What's with the Verification Code in Azure?

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The other night, I logged into the Azure services portal to add a certificate to my solution, so that I could run one of the labs that used that credential type to authenticate to the Access Control Service. As you can see from the screenshot below, a Verification Code was needed to upload the certificate.

To create this, the lab manual instructed me to export the private portion of the certificate that I intended to use. After doing so, I was further instructed to input this private key portion of the certificate into a tool called RegCert.exe. The output of this was the necessary verification code.

The fact that I had to perform this task using the private portion of the cert really troubled me. The next day, I talked to Justin Smith of Microsoft about what the code was, the tool, and the process overall. He explained to me that the code was needed because of an underlying premise that guided the design of Access Control Service. In it, an identifier representing a user (e.g., a hotmail email address) is separate from the credential used to authenticate them (e.g., a cert). Because of this, there needs to be some way to marry the credential with the identifier. In the case of the certificate, this is done by hashing the private key, uploading the cert, and providing the hash.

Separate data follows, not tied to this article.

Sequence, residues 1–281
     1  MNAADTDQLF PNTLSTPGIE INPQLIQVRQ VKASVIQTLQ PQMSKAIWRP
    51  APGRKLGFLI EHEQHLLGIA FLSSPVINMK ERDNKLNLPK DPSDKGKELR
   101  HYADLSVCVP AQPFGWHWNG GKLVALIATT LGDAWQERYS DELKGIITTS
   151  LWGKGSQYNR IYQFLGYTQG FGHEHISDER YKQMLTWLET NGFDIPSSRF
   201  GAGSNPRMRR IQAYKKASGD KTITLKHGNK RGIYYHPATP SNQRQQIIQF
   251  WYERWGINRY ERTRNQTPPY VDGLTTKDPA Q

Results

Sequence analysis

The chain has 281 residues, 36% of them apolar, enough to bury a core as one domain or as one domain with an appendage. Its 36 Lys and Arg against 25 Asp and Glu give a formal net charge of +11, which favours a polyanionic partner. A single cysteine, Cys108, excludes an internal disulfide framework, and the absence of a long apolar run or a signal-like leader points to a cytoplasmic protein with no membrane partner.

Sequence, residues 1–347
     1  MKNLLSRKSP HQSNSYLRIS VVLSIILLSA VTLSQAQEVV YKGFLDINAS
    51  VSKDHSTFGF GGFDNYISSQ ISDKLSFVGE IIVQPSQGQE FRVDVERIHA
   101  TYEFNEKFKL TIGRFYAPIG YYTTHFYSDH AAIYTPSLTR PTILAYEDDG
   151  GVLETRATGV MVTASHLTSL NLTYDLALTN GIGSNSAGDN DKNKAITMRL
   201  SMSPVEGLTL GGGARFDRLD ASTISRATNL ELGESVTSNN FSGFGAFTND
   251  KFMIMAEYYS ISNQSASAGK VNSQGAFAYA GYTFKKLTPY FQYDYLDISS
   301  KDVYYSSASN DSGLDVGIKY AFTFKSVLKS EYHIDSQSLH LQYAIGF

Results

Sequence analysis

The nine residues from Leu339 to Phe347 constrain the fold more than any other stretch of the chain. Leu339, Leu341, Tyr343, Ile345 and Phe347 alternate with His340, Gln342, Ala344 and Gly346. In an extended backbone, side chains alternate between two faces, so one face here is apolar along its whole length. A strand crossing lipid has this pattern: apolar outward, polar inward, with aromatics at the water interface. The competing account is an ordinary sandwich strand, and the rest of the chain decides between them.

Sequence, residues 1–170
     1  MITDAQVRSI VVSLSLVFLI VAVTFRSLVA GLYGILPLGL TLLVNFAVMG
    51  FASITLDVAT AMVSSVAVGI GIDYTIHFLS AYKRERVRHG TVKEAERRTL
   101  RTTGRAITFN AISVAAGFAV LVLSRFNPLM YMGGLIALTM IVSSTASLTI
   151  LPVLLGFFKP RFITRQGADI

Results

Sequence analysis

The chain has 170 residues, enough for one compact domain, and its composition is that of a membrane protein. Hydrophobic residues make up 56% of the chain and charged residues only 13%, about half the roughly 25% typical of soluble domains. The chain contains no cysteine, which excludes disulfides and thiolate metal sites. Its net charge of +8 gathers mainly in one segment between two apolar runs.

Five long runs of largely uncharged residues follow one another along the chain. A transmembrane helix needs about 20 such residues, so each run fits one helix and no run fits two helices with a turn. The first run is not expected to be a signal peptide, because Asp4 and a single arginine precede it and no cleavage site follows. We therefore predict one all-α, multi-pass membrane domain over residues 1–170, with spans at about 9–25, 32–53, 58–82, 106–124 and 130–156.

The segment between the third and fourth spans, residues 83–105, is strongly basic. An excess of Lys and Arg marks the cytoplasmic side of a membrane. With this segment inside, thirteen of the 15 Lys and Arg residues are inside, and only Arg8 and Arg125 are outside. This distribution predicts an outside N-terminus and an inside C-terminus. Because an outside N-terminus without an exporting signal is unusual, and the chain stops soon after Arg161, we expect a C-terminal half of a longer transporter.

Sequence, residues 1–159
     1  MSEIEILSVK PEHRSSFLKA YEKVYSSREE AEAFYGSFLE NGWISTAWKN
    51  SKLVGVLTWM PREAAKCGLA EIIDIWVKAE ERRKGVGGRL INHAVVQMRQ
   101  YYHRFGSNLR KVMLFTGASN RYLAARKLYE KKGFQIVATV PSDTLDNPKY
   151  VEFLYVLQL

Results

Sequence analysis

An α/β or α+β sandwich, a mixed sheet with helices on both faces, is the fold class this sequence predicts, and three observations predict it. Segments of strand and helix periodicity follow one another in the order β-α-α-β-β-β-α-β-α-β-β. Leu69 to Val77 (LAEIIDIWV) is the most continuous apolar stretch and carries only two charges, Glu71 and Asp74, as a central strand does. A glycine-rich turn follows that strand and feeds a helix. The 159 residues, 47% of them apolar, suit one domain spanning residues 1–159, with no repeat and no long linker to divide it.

I don't understand how this digest of the private half of the cert allows Microsoft to tie the public half to my Live ID though. However, these different aspects of a digital identity were clarified for me after reading Fernando Gebara Filho's recent article The Evolving Role of the Identity which was recently published in the Architect Journal. In it, he explains that a digital identity has four layers:


  1. Identifier,
  2. Credentials,
  3. Main profile, and
  4. Context-based profile


I can't say I fully understand the second and third, but examples of the first and second would be my hotmail email address and the certificate that I was trying to upload, respectively. He illustrated these different aspects of a digital identity with the following figure:


After playing around with the portal and labs a bit, reading this article, and talking with Justin Smith, I understand the Access Control Service enough to use it for toy applications, but not enough to launch a mission critical application. I feel very uncomfortable having to upload anything to Microsoft that is the product of a private key. I'm sure I'm not the only one that feels this way, and I wouldn't be surprised if a credential is tied to an identifier in a way that does not require the byproduct of private information by the time the Access Control Service RTMs.